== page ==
During the substantive examination of the application, the unity is evaluated while considering the specific novel design features shared among the embodiments (ie, whether they constitute the required single design concept).
If the result of the official evaluation is a lack of unity between embodiments or groups of embodiments, the application could be divided into the necessary number of applications or the non-fundamental embodiments may be withdrawn. Likewise, the division of the application may be voluntarily requested until the issuance of the final resolution of the examination (ie, before the issuance of a notice of allowance or the final refusal of the application).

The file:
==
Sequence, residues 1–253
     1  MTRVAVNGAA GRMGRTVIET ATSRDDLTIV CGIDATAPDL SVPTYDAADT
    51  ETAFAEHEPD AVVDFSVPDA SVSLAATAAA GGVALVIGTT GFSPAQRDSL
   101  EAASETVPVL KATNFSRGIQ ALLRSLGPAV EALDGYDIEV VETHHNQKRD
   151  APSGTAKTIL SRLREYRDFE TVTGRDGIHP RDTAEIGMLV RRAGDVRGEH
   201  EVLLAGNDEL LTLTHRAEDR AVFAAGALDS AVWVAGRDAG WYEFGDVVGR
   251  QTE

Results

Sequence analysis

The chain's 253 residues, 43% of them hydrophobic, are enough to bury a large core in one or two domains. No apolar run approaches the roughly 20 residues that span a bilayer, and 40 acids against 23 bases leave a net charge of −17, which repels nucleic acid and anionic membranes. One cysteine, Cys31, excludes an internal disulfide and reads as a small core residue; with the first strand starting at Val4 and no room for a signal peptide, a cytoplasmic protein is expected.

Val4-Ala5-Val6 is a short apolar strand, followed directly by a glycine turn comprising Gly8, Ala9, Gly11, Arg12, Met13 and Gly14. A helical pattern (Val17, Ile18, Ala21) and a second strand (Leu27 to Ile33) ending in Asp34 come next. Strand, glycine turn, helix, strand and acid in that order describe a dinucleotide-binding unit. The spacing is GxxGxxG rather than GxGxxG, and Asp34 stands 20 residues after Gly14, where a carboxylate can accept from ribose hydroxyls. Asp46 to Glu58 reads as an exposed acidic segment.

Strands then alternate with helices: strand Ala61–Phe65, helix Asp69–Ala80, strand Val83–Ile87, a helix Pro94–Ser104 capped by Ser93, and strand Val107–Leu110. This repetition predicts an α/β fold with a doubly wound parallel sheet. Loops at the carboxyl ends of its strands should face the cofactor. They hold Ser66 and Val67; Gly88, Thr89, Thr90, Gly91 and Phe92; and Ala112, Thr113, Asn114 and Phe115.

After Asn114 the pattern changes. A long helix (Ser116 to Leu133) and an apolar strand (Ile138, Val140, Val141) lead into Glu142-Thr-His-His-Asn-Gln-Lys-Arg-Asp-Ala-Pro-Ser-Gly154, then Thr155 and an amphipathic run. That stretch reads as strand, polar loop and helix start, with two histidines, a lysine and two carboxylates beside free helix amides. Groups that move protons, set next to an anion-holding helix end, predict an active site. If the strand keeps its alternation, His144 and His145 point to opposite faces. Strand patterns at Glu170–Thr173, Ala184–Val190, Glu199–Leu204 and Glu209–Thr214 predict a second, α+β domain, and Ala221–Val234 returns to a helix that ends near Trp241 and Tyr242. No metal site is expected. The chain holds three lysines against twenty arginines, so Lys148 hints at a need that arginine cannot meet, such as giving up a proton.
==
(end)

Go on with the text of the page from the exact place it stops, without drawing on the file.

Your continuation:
E-filing of industrial design applications
IMPI has two options for filing an industrial design application: the traditional paper system and the e-filing system. One benefit of the e-filing system is that IMPI accepts digital copies of the documents that are usually required in the original, namely:
- power of attorney;
- assignment of rights; and
- a certified copy of the priority application.
Likewise, the formal examination of the applications is expedited. In April 2017 IMPI launched the latest version of the e-filing system. One restriction of the current version is that once an application has been filed electronically, all the prosecution (eg, office actions, responses and the issuance of the registration) must continue electronically.